Just over four years ago, Brett Mitchell and his then-fiancé, Angela, packed up their home in Houston and moved to Cleveland. While picking up their first round of groceries in University Heights, they told the cashier they were new in town. The cashier asked why they moved here. Brett said he was the new assistant conductor of the Cleveland Orchestra.
“The Cleveland Orchestra?” the cashier said. “Oh my god, that’s awesome!”
Mitchell was stunned.
“I’ve never lived anywhere that takes such pride in their orchestra like Cleveland,” he said.
In July, Mitchell will say goodbye to Cleveland and replace Andrew Litton as music director of the Colorado Symphony. And this Friday, Mitchell will lead the Cleveland Orchestra Youth Orchestra (COYO) in their last concert of the season.
“I will never have another relationship with an orchestra like I do with COYO,” he said over the phone.
For Mitchell, leading some of the best young musicians in the country has had its share of rewards and challenges. Unlike most professional orchestras, youth orchestras have a high turnover rate.
“We have these kids for a maximum of six years. Once you’re done with high school, that’s it,” he said. “If somebody wins a job in the Cleveland Orchestra at the age of 28, they may well be there four decades later.”
Keeping a certain standard of excellence while adjusting to a constantly changing roster of players is a challenge every youth orchestra faces. But it’s a challenge that, when met, yields high returns.
“If you can do it like we have, then it becomes one of the most rewarding things,” Mitchell said. When players move on, he gets to watch some of them pursue careers as professional musicians.
“But it’s hard on a personal level,” he said. “It’s like saying goodbye to anybody.”
Unlike the young players he’s mentored for the last four years, Mitchell didn’t hear a live orchestra until his late teens.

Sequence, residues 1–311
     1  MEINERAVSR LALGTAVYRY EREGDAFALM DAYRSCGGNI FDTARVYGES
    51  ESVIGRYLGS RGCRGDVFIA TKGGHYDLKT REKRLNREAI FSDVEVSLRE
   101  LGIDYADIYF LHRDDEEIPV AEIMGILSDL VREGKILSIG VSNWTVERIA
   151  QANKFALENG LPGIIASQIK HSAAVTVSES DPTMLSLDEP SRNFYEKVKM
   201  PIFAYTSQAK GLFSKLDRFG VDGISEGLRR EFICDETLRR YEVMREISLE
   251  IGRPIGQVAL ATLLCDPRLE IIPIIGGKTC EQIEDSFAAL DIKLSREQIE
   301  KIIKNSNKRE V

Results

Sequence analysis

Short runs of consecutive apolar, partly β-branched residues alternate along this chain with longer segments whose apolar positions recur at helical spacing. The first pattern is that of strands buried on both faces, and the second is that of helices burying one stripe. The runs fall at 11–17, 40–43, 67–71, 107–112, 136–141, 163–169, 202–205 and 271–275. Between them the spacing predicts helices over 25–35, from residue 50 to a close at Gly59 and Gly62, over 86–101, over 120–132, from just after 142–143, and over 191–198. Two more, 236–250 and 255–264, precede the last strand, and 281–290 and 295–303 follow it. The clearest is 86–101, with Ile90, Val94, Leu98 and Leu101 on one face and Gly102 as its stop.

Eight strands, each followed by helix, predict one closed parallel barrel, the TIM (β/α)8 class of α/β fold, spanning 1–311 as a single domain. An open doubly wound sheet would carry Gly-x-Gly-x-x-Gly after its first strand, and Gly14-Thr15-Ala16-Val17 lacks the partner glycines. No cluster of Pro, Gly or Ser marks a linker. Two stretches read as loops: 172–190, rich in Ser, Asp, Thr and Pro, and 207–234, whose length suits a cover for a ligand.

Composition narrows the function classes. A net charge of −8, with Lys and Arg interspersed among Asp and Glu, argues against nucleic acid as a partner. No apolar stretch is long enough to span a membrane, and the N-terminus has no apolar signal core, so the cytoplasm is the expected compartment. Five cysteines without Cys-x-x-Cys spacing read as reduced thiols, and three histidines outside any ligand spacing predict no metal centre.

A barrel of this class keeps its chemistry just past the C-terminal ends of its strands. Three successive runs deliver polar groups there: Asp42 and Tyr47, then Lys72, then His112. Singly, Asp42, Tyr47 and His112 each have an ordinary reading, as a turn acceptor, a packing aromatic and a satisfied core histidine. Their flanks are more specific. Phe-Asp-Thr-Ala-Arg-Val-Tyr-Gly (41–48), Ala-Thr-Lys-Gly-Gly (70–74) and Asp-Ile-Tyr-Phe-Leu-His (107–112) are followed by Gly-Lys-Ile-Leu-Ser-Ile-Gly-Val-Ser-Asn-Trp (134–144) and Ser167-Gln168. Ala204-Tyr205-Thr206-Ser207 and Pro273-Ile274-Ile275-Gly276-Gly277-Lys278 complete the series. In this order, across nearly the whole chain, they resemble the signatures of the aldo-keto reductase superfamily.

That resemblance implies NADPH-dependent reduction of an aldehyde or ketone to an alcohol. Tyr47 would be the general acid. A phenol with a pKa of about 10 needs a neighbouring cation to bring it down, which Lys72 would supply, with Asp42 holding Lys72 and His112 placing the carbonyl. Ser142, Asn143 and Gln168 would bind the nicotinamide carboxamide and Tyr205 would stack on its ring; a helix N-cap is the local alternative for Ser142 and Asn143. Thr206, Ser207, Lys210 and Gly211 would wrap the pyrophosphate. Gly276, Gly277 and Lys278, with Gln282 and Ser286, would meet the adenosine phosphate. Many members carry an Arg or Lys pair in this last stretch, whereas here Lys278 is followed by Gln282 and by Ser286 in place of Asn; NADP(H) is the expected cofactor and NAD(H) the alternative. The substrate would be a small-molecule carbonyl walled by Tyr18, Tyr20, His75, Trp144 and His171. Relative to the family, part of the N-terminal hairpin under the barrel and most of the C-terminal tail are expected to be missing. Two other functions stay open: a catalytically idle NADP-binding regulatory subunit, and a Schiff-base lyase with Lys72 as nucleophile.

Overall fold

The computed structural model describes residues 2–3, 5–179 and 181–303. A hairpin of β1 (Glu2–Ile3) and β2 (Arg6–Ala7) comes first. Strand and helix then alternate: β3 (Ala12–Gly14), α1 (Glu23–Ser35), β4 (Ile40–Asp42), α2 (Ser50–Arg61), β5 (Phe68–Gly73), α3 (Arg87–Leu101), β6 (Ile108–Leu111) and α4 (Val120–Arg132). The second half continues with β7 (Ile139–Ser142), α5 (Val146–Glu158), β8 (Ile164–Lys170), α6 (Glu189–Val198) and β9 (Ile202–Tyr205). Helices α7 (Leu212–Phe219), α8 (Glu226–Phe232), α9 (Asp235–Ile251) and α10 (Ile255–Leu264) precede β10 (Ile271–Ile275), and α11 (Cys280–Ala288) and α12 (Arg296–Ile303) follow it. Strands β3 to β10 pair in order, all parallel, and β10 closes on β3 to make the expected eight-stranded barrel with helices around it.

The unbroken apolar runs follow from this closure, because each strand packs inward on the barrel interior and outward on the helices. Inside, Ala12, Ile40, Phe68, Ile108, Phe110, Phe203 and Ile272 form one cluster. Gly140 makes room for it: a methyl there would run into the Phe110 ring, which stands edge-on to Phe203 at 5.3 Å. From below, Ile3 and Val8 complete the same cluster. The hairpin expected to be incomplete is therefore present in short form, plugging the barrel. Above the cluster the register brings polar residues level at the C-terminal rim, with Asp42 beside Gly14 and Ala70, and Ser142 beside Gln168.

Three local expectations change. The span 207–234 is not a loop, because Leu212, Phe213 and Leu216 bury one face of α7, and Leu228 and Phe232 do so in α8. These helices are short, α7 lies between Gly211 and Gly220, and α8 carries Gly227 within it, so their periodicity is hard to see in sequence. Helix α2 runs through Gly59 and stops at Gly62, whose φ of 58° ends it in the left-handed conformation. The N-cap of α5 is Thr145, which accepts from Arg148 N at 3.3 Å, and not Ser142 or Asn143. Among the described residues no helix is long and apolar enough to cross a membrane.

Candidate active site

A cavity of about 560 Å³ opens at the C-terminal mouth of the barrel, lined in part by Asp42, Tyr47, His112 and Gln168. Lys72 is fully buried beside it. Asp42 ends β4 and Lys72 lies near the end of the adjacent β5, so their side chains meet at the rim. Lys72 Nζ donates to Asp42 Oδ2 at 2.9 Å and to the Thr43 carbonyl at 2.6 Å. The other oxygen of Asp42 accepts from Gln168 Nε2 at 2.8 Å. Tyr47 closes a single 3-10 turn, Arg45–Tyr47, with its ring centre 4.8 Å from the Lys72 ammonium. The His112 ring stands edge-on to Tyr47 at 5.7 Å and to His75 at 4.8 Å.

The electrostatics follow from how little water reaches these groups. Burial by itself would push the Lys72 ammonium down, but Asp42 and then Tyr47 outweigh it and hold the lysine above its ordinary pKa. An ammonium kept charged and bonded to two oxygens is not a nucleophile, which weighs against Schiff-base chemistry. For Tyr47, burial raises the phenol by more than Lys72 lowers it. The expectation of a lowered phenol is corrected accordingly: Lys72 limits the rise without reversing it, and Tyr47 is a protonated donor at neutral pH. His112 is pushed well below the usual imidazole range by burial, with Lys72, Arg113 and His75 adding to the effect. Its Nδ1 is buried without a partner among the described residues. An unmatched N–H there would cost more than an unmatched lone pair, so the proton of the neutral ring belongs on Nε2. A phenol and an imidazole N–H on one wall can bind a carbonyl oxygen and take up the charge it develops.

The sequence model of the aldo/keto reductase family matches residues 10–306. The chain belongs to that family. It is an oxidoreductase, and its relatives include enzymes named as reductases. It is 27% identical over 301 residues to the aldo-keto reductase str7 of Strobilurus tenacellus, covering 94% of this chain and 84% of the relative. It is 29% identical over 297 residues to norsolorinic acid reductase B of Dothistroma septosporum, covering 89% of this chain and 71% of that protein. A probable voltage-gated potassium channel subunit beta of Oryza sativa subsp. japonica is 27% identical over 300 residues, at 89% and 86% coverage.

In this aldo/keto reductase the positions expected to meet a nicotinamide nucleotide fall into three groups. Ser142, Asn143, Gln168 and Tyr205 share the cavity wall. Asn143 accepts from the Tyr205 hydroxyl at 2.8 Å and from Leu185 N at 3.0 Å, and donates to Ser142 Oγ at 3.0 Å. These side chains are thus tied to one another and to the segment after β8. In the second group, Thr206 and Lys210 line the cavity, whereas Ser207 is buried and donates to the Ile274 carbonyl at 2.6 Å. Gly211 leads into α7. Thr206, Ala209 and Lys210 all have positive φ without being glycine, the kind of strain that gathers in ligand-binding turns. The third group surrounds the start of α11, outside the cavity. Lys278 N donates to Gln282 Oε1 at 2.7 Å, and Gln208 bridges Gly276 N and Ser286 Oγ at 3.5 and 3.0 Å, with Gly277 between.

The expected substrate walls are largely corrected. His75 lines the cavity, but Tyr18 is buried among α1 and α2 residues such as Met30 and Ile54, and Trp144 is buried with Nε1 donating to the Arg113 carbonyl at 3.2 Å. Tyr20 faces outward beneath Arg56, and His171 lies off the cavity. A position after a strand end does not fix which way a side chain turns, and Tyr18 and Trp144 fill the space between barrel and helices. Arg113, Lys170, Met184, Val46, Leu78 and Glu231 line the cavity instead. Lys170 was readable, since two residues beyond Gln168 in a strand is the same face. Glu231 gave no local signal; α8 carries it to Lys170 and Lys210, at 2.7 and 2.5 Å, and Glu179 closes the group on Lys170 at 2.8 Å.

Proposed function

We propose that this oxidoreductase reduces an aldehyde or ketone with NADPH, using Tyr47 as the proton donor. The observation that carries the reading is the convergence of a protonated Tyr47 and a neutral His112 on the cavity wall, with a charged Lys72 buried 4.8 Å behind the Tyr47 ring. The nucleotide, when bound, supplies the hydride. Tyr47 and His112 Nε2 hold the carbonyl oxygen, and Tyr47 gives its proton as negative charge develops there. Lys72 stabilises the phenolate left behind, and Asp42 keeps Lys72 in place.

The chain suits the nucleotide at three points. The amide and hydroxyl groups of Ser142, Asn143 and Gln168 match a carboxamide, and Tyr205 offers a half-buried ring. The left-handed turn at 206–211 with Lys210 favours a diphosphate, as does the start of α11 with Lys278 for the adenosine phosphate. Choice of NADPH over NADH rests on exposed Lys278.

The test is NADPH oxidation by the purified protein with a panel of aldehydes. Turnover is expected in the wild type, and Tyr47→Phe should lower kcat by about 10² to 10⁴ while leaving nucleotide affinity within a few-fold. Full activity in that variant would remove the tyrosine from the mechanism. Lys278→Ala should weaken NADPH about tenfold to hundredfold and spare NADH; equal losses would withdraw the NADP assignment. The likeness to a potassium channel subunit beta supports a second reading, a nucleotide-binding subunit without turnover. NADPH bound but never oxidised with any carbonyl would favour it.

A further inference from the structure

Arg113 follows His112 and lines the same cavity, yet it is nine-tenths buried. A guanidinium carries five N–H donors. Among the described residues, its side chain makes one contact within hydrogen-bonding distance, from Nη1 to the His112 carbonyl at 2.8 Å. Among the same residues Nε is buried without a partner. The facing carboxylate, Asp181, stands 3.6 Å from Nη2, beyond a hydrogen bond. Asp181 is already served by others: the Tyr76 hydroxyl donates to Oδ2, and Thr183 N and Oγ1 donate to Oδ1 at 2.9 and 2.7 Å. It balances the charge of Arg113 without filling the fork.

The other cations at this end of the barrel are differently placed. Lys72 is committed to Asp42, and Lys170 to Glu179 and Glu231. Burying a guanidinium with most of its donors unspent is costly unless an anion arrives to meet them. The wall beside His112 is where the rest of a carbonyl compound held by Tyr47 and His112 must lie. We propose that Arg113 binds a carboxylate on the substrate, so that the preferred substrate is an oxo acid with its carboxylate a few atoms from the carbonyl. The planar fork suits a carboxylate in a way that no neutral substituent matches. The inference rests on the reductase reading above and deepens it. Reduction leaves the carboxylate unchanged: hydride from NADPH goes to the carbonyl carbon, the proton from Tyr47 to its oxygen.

“Like a lot of people born in 1979, I’m sure I’m not alone in saying the first orchestral music I ever heard was coming out of a TV,” he said. “It was Star Wars, and it was Superman, and it was Indiana Jones and it was E.T.”
Mitchell’s musical upbringing is also unconventional when compared to that of his peers.
“I know a lot of my colleagues began their musical journey when they were three years old playing ‘Twinkle, Twinkle’ on their violin. I wasn’t doing that.”
Instead, Mitchell was listening to the Beatles, Simon and Garfunkel, Elton John and Billy Joel.
“It was the pop music of my parents’ generation that I grew up around.”
Mitchell grew up in Seattle. Later, after winning his first job, he became close with the conductor of his hometown symphony, the legendary Gerard Schwarz.
“Every time I would go home to Seattle to visit my family, I would get together with Gerry at his house on Queen Anne Hill, which was wonderful. I learned a ton from him,” Mitchell said.
During his long tenure as conductor of the Seattle Symphony, Schwarz was a champion of composers like Walter Piston, Alan Hovhanness, Paul Creston, Peter Mennin and David Diamond. He programmed and recorded American music that most American orchestras, for whatever reason, won’t even touch.
In a way, Mitchell, whose first season with the Colorado Symphony will include the likes of Kevin Puts, Missy Mazzoli and Mason Bates, could be the next great champion for contemporary American orchestral music. Meanwhile, the Cleveland Orchestra, based on its next season, still prefers innovative pairings of standard repertoire over music that’s actually, well, innovative.
But Mitchell points out that some critics are taking too narrow a view by using a single season to make sweeping judgements about an orchestra’s programming decisions.
“I would always caution against looking at one season or one festival or one opera and saying, ‘Well, why don’t you do this or that?’”
And in a way, holding the Cleveland Orchestra to standards espoused by other groups is a moot comparison. Cleveland’s orchestra, much like its home city, is in a class all its own.